Since Emma’s romance novels describe appearance rather than experience, love, for Emma, is identical to the appearance of love, to certain expressions of love. Her third-rate novels have no fully developed characters, only cardboard stereotypes, so she comes to understand love not as a feeling of admiration and affection for a distinct person, but as a series of pleasure-giving interactions. Love, for her, is desire, sex, and flowery letters: she does not recognize that these are only the surface aspects of an emotion. She mistakes the smoke for the fire. In this sense, she and Rodolphe are alike. Love affairs, for him, amount only to a series of pretty faces and sentimental words, with no distinct people or feelings behind them.
Love understood as pleasure is self-directed and self-contained. It is fundamentally an interaction with oneself, in which another person serves as a prop. A love like Charles’s, on the other hand, is directed outward at the beloved, anchored in the other person’s qualities, cares, and general well-being. It brings joy, but only incidentally – an unselfish joy in the beloved’s existence. Emma and Charles embody two extremes of love, which in life are always mingled.
For Emma and Léon, experiencing the right kind of love is also bound up with self-image. Since love in books dwells only in aristocratic homes, they feel that the right kind of love connects them to the right kind of life, the refined, elevated life they’ve always dreamed of. Rodolphe’s love affairs are also bound up with self-image, because they allow him to feel strong, canny, and superior. Unlike Rodolphe, Emma wants love that is true and everlasting, but a frail foundation of sensual pleasure weakened by the intrusions of reality keeps her affairs disappointing and short.
Love and Desire ThemeTracker
Love and Desire Quotes in Madame Bovary
The universe, for him, did not extend beyond the silken round of her skirts.
And Emma sought to find out exactly what was meant in real life by the words felicity, passion, and rapture, which had seemed so fine on the pages of the books.
Familiar with the tranquil, she inclined, instead, toward the tumultuous. … From everything she had to extract some personal profit; and she discarded as useless anything that did not lend itself to the heart’s immediate satisfaction.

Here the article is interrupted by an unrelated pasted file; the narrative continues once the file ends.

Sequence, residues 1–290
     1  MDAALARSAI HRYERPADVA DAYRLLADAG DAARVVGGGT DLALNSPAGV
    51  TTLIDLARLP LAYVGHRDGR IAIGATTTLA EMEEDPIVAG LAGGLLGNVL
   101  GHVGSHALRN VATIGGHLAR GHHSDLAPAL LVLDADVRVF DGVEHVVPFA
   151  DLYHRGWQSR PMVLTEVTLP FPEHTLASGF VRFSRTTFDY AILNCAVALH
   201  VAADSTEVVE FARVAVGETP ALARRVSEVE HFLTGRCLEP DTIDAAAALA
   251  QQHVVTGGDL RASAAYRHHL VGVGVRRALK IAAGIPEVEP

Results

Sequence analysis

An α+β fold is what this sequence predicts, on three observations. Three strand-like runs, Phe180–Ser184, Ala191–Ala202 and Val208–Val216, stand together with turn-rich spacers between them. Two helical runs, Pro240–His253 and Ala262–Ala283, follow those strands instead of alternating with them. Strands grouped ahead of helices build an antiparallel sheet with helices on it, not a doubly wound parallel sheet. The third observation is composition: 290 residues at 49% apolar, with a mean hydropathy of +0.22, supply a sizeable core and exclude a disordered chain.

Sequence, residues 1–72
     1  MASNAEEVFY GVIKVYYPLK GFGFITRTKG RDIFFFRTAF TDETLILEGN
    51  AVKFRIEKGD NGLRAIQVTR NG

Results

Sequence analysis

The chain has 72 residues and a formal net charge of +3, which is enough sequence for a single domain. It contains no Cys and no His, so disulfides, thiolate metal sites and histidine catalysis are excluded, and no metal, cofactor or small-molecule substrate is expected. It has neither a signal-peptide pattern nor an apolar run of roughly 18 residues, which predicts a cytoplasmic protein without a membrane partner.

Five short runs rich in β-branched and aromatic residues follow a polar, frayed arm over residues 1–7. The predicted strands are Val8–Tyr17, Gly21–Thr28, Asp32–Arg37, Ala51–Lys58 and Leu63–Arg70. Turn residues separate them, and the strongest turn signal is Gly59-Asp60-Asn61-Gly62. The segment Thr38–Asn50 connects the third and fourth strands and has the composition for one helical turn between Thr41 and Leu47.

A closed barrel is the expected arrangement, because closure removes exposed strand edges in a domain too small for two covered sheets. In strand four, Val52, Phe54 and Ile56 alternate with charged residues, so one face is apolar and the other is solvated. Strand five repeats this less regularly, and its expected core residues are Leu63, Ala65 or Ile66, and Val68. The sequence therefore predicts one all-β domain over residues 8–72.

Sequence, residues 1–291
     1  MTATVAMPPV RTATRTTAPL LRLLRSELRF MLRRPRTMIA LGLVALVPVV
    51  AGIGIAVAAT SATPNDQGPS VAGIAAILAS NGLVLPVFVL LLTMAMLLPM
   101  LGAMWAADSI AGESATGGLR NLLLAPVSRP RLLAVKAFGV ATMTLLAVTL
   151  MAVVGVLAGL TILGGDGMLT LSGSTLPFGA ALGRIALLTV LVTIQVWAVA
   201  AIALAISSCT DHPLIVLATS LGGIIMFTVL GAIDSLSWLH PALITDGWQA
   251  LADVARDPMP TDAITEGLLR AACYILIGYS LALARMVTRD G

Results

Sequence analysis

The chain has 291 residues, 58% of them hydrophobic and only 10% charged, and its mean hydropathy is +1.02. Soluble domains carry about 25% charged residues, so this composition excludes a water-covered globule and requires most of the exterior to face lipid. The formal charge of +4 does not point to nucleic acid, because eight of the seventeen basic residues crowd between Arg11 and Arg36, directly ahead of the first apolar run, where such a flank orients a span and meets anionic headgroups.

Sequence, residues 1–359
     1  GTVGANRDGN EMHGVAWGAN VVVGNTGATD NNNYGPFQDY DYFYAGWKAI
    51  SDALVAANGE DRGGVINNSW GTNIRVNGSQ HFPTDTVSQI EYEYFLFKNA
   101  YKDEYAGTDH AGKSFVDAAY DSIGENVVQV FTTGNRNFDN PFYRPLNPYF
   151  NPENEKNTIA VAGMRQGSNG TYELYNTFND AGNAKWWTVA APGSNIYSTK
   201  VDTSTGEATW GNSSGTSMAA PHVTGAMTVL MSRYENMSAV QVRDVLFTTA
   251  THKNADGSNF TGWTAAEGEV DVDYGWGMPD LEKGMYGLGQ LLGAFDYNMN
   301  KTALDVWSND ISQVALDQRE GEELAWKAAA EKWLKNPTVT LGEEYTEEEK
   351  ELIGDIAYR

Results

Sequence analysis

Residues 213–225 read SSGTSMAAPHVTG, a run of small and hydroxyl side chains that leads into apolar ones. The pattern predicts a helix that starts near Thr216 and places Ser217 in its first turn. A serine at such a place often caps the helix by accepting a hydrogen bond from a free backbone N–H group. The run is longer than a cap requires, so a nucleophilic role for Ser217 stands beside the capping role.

To her it seemed that certain places on earth must produce happiness.
Charles’s conversation was as flat as any pavement, everyone’s ideas trudging along it in their weekday clothes, rousing no emotion, no laughter, no reverie.
At last, she was to know the pleasures of love, that fever of happiness which she had despaired of. She was entering something marvellous where everything would be passion, ecstasy, delirium; blue immensity was all about her; the great summits of sentiment glittered in her mind’s eye, ordinary experience appeared far below in the distance, in shadow, in the gaps between these peaks.
Emma was just like any other mistress; and the charm of novelty, falling down slowly like a dress, exposed only the eternal monotony of passion, always the same forms and the same language. He did not distinguish, this man of such great expertise, the differences of sentiment beneath the sameness of their expression.
And yet, in the immensity of this future that she conjured for herself, nothing specific stood out: the days, each one magnificent, were as near alike as waves are.
Whenever she went to kneel at her Gothic prie-dieu, she called upon her Lord in the same sweet words she had once murmured to her lover, in the raptures of adultery. It was meant to arouse faith, but no delectation descended from on high.
For now she knew the pettiness of the passions that art exaggerates.
…for that was how they wanted it to have been, each of them now devising for the other an ideal rearrangement of their past. Language is indeed a machine that continually amplifies the emotions.
Was she serious in saying such things? Doubtless Emma herself had no real idea, being quite taken up with the charm of the seduction and the necessity of resisting it.
He admired the exaltation of her soul and the lace on her skirts.
But, if there were somewhere a strong and beautiful creature, a valiant nature full of passion and delicacy … What an impossibility! Nothing, anyway, was worth that great quest; it was all lies! Every smile concealed the yawn of boredom, every joy a malediction, every satisfaction brought its nausea, and even the most perfect kisses only leave upon the lips a fantastical craving for the supreme pleasure.
Emma was recovering in adultery the platitudes of marriage.